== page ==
First of two articles
Representatives from some 190 countries will meet in Egypt for two weeks starting Nov. 6 to “[deliver] for people and the planet” at COP27, the U.N. Conference of the Parties annual summit on climate change policy.
The predominant message at these climate conferences is one of “catastrophic” global warming necessitating policies to reduce anthropogenic greenhouse gas emissions drastically.
COP27 in Egypt will likely be no different, even though last year’s conference in Glasgow, Scotland, was heralded by the United Nations and the popular press as “one minute to midnight,” “literally the last chance,” with “no more time to hang back,” and any number of other “emergency mode” warnings to catalyze “maximum ambition—from all countries on all fronts.”
Member nations of the U.N. Framework Convention on Climate Change have met for these Conferences of the Parties since the first one in Berlin in 1995. These summits aim to establish a common understanding of global warming as an emergency, agree upon broad policy objectives, and enforce the Paris Agreement of 2015.
During the 2015 Paris meetings, governments agreed to “reach global peaking of greenhouse gas emissions as soon as possible … and to undertake rapid reductions thereafter” in a bid to limit global temperature increases to 1.5 degrees Celsius above pre-industrial levels. To that end, more than 40 countries—including the United States, Great Britain, and members of the European Union—have established policies attempting to force massive transitions of their energy sectors and economies to “net-zero” greenhouse gas emissions by midcentury.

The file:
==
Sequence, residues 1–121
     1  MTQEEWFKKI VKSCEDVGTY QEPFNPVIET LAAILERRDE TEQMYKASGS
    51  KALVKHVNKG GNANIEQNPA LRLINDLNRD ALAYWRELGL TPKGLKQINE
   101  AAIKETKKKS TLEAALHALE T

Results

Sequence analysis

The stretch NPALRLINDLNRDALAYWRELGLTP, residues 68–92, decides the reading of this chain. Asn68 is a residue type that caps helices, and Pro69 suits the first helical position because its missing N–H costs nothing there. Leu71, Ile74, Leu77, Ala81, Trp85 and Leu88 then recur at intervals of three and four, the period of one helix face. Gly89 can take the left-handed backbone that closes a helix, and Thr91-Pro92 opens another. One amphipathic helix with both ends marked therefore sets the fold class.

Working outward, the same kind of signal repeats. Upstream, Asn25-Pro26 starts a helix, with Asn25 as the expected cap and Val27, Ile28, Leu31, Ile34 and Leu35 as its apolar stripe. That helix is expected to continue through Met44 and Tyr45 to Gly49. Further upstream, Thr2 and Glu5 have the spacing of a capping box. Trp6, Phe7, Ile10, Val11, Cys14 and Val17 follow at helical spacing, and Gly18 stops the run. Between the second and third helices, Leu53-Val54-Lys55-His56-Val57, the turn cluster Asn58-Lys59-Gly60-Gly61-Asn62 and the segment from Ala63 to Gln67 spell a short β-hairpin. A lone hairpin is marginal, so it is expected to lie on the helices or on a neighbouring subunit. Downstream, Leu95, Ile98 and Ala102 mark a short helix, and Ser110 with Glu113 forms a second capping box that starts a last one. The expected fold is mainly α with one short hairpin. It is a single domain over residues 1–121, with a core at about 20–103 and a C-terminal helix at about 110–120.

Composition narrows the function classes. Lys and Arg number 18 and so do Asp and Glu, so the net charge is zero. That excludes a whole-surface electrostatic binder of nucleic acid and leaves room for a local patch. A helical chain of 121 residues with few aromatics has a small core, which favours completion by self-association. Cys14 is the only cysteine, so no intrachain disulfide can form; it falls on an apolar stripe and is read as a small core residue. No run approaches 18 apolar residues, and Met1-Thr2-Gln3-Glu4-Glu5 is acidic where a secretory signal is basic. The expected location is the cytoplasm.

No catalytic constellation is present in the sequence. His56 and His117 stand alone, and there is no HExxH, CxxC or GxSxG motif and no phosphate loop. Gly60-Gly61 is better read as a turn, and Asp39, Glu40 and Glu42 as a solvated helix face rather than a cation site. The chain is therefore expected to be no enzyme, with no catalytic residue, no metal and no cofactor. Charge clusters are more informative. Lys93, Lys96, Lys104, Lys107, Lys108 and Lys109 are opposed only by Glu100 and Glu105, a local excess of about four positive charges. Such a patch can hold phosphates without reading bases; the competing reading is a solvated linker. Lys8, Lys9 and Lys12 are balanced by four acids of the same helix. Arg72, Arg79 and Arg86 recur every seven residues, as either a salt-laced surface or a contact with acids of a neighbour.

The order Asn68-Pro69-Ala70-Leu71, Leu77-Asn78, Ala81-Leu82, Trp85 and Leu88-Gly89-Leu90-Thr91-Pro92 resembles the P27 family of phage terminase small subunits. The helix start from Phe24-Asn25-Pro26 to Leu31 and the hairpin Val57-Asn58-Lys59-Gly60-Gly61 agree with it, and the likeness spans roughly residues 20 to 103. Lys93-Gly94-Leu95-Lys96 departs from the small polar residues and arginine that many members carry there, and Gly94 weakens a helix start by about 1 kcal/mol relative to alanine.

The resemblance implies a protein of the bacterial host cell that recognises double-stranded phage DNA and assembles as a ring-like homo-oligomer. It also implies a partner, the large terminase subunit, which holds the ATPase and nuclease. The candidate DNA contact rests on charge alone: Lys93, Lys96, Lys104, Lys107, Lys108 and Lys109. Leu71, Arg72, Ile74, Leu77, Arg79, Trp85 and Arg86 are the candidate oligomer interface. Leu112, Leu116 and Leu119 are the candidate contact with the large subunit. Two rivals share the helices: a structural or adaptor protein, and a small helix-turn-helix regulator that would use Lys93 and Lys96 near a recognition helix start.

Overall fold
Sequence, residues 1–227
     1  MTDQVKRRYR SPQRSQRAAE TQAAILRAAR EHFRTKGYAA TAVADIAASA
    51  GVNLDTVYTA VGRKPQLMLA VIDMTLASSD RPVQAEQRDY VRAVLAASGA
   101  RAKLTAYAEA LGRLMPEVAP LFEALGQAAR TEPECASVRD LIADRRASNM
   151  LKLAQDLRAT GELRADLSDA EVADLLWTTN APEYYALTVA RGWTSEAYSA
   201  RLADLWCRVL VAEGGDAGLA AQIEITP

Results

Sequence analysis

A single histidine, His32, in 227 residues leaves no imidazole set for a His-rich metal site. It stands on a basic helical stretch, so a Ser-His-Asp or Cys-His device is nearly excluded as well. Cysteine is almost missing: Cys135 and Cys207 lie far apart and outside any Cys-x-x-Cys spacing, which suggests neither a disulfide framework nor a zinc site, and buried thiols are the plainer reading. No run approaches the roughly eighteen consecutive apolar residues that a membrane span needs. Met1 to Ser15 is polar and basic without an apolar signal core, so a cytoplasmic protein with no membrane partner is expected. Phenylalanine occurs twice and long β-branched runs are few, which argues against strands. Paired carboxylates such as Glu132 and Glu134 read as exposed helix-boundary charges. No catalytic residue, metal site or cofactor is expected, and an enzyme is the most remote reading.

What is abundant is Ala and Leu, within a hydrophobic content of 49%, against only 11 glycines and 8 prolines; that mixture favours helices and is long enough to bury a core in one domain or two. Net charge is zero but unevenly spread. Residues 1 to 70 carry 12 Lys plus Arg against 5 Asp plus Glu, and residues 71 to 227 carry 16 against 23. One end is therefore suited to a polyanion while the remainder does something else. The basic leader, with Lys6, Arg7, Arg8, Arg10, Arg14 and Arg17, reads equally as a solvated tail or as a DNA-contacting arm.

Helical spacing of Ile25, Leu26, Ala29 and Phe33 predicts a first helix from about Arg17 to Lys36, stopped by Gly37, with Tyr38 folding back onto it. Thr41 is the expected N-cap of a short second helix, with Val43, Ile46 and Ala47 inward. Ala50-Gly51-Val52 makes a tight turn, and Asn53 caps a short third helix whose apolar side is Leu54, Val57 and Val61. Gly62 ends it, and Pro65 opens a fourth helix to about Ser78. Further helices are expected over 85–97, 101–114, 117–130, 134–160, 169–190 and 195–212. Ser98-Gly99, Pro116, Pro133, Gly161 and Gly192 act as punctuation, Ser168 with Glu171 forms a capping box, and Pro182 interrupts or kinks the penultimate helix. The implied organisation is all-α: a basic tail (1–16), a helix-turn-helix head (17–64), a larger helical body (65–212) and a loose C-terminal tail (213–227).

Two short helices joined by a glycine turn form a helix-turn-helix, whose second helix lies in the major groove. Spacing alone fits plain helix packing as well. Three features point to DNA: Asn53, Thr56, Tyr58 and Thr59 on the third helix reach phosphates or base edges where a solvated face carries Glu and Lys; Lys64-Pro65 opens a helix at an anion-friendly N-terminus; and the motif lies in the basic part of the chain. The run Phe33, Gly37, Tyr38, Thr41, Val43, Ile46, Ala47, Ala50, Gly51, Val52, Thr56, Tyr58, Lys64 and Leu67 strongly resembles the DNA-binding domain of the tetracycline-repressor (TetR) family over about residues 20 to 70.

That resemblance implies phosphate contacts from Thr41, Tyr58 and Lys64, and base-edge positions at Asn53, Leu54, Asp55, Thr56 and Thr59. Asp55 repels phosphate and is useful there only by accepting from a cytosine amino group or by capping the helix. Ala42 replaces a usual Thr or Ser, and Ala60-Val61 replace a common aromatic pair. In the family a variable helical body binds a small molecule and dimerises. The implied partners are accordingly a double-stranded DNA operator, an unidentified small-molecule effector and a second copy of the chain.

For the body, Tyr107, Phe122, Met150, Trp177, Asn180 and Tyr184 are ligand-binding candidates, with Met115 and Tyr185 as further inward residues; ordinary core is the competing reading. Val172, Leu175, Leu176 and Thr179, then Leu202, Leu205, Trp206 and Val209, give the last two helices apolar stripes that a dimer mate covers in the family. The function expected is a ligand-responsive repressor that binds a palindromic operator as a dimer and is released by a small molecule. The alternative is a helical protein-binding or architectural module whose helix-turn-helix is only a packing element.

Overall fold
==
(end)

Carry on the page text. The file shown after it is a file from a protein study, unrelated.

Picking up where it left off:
Despite clear success in defining and propagating a narrative of alarm in the media and in politics, and the general awareness of Western populations, it’s fair to say that nearly three decades of COP meetings have not accomplished much in the way of their stated objective to mitigate greenhouse gas emissions globally.
Setting aside relevant questions about the degree to which anthropogenic greenhouse gas emissions drive warming, global emissions have only continued to increase since the first COP at Berlin in 1995.
To put the Paris Agreement goals in perspective, carbon dioxide emissions from energy production and use (the overwhelming majority of man-made emissions) declined more than 5% in 2020 due to the COVID-19 pandemic and government responses to it. Those caused a historic retraction in economic activity and mobility, and consequently, in demand for oil, natural gas, and coal.
Despite the recession, global concentrations of greenhouse gases still increased in 2020.
It appears that global carbon dioxide emissions in 2022 will again exceed pre-pandemic levels. The U.N. estimates that greenhouse gas emissions will continue to rise even if countries fully meet their Paris Agreement commitments.
The U.N. and the World Meteorological Society estimate that countries’ pledged emissions reductions “[need] to be … seven times higher” to meet the Paris Agreement goal. A report from the meteorological society concludes: “We are still nowhere near the scale and pace of emission reductions required.”